Having caught up with the designer, Oliver Ling, it became clear that the driver behind the product was his own passion in helping to tackle the food waste problem. The prototype was created as his final year project at university, where he undertook a lot of primary research analysing the contents of domestic rubbish bins.  This is further demonstrated in that the Compo is designed to be manufactured from recycled plastic derived from food packaging.

"I wanted to design something that was sustainable," Oliver affirms.  "In fact, I believe it is so important, every product designer should get involved with sustainability".

Designer Oliver Ling, at the Green Heroes stand at Grand Designs Live

I couldn't agree more. Designers have immense power to revolutionise the future waste landscape, either through designing-out wasteful and hard-to-recycle materials from their products or in developing new processes and infrastructures that manage our wastes better.

I was interested in Kevin McCloud's view on this, especially as there is potential to develop more scaleable applications of the Compo.

And having watched his recent series of Man Made Home, which involved the construction of a cabin that enabled him to live off-grid, it was the localised production of biogas that particularly caught my attention.

Politely referring to it as "Episode 3", rather than "the one where you cooked on gas made from your own poo", the programme featured a visit to an Anaerobic Digestion plant, which incorporates the collection of dog poo and other materials to create a rich compost and biogas, capable of powering a small village.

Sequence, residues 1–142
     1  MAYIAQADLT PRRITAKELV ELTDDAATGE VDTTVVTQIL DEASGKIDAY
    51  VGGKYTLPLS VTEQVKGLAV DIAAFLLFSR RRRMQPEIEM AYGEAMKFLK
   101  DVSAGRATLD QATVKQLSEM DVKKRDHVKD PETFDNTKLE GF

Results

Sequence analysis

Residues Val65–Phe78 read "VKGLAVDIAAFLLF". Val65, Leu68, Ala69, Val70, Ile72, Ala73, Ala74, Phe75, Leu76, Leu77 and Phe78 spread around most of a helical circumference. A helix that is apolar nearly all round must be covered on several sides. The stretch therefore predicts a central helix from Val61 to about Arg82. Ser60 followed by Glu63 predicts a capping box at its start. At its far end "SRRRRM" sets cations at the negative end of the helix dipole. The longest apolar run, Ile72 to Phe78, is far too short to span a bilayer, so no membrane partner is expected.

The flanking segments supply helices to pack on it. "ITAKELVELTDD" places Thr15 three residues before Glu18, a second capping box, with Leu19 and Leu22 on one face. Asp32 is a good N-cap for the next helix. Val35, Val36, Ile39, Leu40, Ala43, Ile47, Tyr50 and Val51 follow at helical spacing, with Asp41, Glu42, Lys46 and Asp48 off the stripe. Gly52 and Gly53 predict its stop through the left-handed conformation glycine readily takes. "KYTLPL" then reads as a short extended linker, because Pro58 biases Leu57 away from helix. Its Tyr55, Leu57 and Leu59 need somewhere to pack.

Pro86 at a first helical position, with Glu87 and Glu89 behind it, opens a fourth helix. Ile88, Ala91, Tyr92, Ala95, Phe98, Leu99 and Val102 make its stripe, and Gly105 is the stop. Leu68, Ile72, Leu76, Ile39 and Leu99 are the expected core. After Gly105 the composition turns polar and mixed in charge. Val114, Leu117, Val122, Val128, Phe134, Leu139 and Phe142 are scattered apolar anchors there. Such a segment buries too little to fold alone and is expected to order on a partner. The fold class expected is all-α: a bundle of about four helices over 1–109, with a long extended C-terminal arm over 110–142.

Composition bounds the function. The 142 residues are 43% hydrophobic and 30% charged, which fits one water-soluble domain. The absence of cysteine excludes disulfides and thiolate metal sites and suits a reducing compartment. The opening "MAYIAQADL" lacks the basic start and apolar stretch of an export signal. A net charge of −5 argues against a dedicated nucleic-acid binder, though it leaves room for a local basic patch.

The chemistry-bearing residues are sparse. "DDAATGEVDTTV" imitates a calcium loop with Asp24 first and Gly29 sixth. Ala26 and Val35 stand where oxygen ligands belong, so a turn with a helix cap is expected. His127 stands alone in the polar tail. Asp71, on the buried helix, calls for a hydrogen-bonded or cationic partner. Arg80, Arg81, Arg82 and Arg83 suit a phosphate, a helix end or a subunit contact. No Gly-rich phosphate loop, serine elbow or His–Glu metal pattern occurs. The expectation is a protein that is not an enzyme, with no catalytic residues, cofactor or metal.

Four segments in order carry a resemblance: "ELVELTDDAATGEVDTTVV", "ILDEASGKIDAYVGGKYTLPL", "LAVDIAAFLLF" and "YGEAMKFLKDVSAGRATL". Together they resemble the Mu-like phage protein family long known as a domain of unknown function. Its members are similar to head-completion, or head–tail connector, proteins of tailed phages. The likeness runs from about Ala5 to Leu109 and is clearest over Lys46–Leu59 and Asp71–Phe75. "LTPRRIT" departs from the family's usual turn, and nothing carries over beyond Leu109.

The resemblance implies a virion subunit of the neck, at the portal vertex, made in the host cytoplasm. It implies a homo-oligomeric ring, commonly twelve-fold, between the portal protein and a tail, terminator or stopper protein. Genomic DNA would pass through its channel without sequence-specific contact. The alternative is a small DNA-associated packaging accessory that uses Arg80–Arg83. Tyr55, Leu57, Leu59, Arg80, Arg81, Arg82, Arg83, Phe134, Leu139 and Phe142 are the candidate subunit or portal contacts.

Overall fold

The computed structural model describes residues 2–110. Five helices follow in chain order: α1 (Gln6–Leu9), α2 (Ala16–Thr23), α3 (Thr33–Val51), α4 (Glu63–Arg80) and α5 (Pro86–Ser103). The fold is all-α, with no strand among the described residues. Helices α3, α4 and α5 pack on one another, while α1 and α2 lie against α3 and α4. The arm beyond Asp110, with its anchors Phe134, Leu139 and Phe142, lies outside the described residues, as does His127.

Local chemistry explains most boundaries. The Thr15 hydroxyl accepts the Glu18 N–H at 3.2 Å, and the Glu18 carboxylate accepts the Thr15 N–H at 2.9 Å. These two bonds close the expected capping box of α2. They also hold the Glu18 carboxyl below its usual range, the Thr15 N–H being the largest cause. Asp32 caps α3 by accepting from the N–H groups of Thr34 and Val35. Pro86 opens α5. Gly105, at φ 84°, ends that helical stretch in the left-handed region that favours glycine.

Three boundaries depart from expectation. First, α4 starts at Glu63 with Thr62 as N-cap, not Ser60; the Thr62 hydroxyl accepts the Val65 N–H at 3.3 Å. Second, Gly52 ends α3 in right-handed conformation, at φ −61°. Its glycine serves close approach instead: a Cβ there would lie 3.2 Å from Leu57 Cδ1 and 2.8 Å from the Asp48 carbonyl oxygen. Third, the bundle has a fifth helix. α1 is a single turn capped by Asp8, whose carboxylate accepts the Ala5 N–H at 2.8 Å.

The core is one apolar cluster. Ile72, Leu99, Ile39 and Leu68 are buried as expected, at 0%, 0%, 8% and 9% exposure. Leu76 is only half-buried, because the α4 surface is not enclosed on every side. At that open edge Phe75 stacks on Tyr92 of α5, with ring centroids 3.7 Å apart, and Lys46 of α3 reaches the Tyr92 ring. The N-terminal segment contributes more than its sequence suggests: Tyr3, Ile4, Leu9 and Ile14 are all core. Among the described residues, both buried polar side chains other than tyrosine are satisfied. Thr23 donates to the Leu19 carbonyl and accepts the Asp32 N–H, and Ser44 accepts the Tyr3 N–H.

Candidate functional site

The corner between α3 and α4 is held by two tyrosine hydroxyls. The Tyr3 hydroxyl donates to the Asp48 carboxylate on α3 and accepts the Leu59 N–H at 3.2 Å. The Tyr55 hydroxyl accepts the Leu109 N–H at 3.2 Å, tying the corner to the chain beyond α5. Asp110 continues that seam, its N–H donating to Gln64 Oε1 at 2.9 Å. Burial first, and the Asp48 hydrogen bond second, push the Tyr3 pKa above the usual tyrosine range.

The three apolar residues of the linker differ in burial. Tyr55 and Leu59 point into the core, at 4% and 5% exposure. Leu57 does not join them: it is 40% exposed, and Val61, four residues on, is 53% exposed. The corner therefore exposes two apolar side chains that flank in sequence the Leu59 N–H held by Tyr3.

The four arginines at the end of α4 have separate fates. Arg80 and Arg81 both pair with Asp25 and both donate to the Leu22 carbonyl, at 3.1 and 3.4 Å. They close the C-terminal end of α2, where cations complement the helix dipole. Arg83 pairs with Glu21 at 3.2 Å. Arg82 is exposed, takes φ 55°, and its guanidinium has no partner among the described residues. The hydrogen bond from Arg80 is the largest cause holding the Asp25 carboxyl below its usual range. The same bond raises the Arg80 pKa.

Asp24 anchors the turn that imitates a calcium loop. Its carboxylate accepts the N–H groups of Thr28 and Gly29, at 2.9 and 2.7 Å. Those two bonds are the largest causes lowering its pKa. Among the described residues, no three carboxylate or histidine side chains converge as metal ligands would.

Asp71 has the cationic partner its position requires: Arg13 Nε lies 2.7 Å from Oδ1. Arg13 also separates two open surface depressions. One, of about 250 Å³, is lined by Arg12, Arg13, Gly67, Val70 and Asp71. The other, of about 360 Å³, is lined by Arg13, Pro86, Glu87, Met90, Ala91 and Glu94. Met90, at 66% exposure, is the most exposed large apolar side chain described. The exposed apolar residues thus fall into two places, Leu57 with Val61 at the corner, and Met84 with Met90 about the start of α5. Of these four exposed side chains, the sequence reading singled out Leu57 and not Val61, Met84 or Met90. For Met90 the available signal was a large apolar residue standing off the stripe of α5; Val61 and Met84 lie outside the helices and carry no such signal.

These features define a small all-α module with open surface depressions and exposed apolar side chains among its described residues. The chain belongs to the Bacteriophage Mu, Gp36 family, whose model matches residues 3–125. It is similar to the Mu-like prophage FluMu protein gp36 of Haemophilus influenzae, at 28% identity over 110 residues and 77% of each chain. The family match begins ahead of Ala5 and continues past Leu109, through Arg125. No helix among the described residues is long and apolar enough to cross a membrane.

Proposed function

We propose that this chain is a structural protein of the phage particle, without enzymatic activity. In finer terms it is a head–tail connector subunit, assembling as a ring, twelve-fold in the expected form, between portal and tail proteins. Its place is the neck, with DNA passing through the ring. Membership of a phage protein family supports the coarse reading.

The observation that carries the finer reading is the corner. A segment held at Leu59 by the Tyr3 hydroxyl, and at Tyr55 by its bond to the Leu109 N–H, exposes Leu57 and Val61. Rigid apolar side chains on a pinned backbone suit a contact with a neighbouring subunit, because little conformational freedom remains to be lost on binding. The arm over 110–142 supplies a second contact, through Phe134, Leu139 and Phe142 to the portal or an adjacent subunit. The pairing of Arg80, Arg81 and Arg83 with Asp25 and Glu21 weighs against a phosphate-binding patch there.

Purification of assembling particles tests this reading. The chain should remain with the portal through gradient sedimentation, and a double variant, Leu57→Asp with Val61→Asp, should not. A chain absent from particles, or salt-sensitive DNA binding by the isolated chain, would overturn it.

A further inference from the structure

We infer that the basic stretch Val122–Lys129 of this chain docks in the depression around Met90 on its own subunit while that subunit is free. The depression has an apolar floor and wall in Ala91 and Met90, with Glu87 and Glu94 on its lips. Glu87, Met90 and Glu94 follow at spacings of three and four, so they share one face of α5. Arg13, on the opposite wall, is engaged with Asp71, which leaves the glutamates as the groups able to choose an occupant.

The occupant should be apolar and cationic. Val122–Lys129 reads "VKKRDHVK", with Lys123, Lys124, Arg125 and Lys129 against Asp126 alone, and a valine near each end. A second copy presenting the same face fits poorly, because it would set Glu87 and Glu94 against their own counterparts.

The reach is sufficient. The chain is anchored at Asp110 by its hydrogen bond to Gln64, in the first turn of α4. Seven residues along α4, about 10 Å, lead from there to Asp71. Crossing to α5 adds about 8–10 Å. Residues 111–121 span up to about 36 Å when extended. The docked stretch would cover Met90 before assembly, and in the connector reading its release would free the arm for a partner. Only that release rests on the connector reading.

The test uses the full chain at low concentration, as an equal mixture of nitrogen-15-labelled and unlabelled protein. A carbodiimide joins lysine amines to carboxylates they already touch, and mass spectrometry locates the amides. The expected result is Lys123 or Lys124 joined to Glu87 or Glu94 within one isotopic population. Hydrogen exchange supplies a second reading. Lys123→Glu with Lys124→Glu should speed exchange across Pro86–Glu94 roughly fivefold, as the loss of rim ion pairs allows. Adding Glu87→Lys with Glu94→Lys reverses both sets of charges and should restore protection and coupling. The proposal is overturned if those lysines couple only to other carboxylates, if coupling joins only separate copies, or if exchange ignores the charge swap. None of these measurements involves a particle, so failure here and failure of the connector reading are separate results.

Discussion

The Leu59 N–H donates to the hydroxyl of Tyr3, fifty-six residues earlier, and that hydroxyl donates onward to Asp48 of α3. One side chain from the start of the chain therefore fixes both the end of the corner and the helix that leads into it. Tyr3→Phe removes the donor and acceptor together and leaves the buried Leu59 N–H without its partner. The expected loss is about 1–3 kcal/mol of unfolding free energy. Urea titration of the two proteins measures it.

Kevin wanted to apply this idea to his own cabin experience and in an entertaining fashion set about building an outdoor loo and biogas infrastructure to collect and process human wastes, supplemented by a good dollop of lion dung, which was retrieved from nearby Longleat.

"This isn't revolutionary," he insists. "And it's not unproven. In India, for 150 years, people have been building biogas digester systems across the country and lots of villages now have them."

Behind the obvious fun involved in building his own off-grid cabin, he was actually keen to explore what was possible, discover what could work in the UK and consider which solutions could be scaled up.